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So far in our series on building an effective brand strategy, we’ve explored audience profiles and positioning statements. Today, we look at what is probably our favorite piece of every brand strategy process—brand personality.

Need to play catch-up? Check out the entire series:


What is brand personality—and why does my organization need one?

Let’s pretend for a second that your organization was a person. What would they be like? How would they look? Speak? Move? Would they be the life of the party, or more subdued?

This might seem like a pointless exercise—we aren’t a person! We’re an organization!—but it isn’t. In fact, these are some of the most important questions we ask stakeholders during the discovery stage of a brand strategy process.

Why? Because they’re helpful in understanding and articulating an organization’s brand personality, which is how the organization looks, how it acts, and how it makes people feel. Brand personality is one of the most important components of a brand strategy, for a couple of reasons.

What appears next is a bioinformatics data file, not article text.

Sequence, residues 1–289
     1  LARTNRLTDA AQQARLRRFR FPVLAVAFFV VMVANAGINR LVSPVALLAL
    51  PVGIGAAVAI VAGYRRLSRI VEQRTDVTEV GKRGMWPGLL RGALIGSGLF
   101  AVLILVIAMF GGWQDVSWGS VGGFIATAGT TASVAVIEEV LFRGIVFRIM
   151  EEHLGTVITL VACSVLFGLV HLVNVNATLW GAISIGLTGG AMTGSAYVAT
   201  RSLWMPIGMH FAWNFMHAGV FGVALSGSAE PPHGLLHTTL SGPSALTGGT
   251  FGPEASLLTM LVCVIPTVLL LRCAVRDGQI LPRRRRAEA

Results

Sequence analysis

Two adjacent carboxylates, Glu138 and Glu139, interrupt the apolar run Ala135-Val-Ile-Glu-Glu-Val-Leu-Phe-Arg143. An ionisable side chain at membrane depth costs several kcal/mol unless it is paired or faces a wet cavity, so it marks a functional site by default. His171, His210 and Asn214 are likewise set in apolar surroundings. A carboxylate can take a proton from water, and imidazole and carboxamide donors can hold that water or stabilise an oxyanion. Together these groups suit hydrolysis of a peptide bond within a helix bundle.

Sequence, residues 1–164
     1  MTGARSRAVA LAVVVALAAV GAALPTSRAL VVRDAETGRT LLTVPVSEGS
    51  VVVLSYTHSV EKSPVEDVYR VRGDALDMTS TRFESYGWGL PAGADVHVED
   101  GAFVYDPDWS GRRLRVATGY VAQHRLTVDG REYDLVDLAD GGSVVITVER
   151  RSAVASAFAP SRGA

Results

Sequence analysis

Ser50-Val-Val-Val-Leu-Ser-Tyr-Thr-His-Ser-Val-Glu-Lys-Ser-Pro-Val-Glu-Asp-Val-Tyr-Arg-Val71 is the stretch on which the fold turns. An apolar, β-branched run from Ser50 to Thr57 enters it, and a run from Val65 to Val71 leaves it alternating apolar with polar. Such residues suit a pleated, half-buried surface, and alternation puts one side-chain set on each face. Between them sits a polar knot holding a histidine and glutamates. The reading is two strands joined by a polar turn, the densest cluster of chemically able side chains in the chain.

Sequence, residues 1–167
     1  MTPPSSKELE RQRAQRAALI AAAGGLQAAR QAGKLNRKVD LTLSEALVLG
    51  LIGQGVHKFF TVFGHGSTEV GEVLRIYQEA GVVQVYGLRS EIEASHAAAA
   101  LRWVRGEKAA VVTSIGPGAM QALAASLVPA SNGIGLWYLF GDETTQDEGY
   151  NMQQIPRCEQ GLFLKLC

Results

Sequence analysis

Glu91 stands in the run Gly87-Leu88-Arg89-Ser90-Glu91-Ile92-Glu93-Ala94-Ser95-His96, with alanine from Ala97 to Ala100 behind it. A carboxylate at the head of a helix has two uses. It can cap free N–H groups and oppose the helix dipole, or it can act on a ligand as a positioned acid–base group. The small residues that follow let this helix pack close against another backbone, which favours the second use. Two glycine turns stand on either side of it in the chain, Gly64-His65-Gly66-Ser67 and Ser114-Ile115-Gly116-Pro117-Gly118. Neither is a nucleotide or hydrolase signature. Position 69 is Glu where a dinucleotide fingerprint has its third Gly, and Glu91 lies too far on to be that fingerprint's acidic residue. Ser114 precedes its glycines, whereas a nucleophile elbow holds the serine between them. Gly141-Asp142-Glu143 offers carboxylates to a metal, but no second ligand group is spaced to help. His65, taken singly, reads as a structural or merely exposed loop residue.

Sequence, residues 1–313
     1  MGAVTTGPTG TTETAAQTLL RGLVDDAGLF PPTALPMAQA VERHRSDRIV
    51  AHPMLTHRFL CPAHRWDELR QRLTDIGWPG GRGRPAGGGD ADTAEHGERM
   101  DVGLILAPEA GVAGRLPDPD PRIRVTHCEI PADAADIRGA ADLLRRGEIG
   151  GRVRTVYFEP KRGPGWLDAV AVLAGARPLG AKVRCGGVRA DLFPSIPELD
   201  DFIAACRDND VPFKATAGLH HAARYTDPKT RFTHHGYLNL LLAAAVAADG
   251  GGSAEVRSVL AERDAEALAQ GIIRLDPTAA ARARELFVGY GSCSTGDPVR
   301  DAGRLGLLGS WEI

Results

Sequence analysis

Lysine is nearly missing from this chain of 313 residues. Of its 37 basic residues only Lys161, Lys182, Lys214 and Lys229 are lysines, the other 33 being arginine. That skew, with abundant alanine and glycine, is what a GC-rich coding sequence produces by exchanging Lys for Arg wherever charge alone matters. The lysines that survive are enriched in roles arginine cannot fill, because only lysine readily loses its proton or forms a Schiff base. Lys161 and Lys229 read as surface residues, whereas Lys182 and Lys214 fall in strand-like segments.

A saturated market, the difference between two similar organizations can be negligible.

Brand personality is one way you can differentiate from your competitors, and stake a claim in the hearts and minds of customers and donors.

After all, as Maya Angelou said, “I’ve learned that people will forget what you said, people will forget what you did, but people will never forget how you made them feel.”

Screenshots of Constant Contact and Mailchimp homepages